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Mauch Watches It Get Worse Instead of Better : Angels Dive Deeper Into AL West Cellar as They Lose to White Sox Again, 6-3

October 02, 1987|JOE GODDARD | Special to The Times

CHICAGO — Gene Mauch doesn't solicit sympathy, but he received it Thursday night in the form of humor. Standing near the dugout during batting practice before the Angels' game with the White Sox, the Angel manager was approached by his counterpart with the White Sox, Jim Fregosi.

"Don't worry, Gene," Fregosi said, extending a hand. "Things will get better."

Mauch smiled in remembrance of an Angels' three-game sweep of the Sox in late June, which gave Chicago a 7-21 record for the month. He had said the same thing to Fregosi.

Things didn't get better for Mauch. The Angels lost again, this time 6-3, to dive deeper into the American League West basement. Their only runs came on a fourth-inning, wind-aided home run by Jack Howell, his 21st. It gave the Angels a 3-2 lead, but the White Sox scored four runs in the fifth off Willie Fraser (10-10).

The runs were unearned, due to an error by Howell at third base. "I do know what Gene's going through," Fregosi said after 21-year-old Jack McDowell, just three months out of Stanford, went 7 innings, allowing 7 hits, to win his third straight game. Bobby Thigpen picked up his 15th save. "Every manager goes into spring training with a game plan. I know Gene's was to win with pitching, but his staff had a number of injuries. It caused him many problems.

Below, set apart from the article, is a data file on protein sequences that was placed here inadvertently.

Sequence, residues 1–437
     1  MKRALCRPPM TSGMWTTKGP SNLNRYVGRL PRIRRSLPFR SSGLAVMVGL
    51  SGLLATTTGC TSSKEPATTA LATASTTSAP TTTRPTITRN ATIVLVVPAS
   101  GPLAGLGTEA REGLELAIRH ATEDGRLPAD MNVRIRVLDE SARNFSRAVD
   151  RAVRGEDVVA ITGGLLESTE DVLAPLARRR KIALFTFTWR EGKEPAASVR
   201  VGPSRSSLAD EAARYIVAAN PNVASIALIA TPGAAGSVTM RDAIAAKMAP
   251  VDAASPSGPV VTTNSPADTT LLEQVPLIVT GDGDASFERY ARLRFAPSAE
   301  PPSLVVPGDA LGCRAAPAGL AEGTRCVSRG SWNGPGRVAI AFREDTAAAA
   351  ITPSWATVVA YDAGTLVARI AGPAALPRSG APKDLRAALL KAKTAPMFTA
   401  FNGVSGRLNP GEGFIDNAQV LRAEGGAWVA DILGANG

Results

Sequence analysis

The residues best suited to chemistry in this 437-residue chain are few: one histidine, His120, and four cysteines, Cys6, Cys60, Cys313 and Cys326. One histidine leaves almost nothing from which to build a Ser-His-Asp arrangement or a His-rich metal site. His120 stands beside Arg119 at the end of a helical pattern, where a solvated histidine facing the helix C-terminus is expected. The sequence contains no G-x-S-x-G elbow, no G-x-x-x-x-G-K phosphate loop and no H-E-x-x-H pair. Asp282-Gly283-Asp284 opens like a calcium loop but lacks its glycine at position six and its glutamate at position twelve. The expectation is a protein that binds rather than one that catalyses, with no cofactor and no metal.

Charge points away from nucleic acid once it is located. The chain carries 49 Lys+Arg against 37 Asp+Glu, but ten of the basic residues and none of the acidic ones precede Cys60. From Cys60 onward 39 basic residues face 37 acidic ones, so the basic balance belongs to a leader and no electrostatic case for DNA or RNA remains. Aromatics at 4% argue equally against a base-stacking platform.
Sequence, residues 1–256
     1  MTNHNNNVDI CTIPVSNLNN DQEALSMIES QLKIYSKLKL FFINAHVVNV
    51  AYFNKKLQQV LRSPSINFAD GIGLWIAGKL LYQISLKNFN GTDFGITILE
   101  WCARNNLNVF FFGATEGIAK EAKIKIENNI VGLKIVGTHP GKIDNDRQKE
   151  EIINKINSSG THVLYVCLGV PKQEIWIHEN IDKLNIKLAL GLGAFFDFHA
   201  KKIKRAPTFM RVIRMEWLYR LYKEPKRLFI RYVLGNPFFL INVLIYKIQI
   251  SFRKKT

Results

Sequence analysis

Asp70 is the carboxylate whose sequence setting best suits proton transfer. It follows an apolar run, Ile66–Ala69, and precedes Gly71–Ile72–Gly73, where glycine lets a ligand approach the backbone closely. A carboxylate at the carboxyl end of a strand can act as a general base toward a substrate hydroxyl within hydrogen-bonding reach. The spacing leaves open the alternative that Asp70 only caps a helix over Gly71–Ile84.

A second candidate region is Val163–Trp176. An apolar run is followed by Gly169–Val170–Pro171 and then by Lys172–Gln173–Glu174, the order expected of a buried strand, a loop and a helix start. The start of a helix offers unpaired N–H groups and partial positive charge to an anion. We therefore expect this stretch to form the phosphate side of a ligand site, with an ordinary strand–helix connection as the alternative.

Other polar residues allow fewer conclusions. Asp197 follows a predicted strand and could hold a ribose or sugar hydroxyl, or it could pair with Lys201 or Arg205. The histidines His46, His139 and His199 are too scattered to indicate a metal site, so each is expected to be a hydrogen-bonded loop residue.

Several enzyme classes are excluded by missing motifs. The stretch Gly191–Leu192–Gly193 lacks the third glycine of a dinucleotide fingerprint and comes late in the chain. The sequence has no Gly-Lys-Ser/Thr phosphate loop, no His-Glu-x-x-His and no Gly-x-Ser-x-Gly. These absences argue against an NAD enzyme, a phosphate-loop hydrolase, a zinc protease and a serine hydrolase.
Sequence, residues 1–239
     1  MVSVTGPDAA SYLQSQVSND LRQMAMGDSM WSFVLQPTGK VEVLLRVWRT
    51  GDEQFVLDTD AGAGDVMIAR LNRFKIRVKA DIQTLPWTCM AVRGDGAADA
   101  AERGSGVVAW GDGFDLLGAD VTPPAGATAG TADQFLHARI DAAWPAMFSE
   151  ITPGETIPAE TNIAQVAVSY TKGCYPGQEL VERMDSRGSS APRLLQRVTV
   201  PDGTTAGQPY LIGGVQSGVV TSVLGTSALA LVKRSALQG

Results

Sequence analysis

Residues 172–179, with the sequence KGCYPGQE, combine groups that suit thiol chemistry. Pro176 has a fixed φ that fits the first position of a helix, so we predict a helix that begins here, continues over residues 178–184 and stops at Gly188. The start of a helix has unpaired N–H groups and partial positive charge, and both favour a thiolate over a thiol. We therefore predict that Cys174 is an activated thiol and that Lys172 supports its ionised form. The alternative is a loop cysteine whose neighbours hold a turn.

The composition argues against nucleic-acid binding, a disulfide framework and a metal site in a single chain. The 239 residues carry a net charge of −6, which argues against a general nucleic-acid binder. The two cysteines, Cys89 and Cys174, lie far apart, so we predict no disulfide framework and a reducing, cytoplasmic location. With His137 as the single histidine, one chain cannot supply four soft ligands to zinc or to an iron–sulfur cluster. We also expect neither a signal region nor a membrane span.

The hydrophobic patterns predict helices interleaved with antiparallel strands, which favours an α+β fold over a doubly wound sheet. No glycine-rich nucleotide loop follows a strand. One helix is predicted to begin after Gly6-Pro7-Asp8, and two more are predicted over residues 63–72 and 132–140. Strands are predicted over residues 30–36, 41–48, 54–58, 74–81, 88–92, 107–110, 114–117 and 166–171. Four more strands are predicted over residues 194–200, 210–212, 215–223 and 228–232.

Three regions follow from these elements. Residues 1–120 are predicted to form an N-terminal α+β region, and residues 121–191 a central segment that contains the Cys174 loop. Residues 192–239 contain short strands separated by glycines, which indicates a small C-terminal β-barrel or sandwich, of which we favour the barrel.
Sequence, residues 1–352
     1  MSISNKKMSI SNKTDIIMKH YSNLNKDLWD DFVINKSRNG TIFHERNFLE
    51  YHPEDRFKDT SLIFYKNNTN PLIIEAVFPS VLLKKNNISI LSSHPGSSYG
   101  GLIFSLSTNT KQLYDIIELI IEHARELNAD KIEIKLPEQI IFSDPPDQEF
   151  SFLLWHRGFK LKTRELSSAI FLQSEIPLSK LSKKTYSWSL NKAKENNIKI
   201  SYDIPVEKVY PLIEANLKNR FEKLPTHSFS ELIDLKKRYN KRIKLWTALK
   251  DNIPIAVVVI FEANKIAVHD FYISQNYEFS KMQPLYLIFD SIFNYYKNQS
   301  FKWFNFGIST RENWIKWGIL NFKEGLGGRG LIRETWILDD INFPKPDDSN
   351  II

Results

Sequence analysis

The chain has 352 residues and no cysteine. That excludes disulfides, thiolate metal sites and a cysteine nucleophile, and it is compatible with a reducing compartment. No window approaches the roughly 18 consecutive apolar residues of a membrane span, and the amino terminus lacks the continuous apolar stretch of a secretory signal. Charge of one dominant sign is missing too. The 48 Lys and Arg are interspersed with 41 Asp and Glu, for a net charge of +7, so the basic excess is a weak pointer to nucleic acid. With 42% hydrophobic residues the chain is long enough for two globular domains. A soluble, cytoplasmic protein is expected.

"It's to his credit that he kept them going, kept them in contention, as long as he did. I know Gene takes losses as hard as anybody. This is a very difficult time for him, just like it was for me in June."

White Sox TV broadcaster Don Drysdale, who is also close to Mauch as a neighbor in Rancho Mirage, doesn't think Mauch is going to pack up and retire to the desert.

"Gene would go crazy without something to do," Drysdale said. "He'll give it one more year, at least."

There are a few goals left for the Angels. Brian Downing, for instance, is challenging for the league leads in walks (102) and runs (105). "Don't mean a thing," he said. "When you're not winning, those kinds of things don't count."

Every hit counts for Howell. Although he also hit a two-run homer in Wednesday night's 5-2 defeat, he's in an 11-for-63 skid (.176). "He'll be all right," said White Sox General Manager Larry Himes, who as Angel director of player personnel helped guide Howell through the minor leagues.

"He can be a 25-homer man, maybe hit .275," Himes said. "The Angels don't have to worry about his fielding. He's a good one."

Mauch had words of praise for one of Himes' men, McDowell. "The most important thing is he already understands the importance of pitching inside," Mauch said. "You don't see that much in young pitchers."

Angel Notes The Angels play host to Cleveland tonight through Sunday to close out 1987. Tonight's start could be the last for Don Sutton (10-11). The club has the option on his contract next season. His rival is Rich Yett (3-8). . . . Bill Buckner may require more surgery on his foot. "It won't be that serious," he said. "The joint may need fusing." . . . The players and coaches were concerned when they couldn't get through to their families after Thursday's earthquake. It wasn't until late afternoon that phone lines opened up, but only on occasion. . . . Ruppert Jones was a late scratch Thursday night with a stiff neck. Coach Jimmie Reese turned 82. His career started in 1917 as a batboy for the Los Angeles Angels of the Pacific Coast League.

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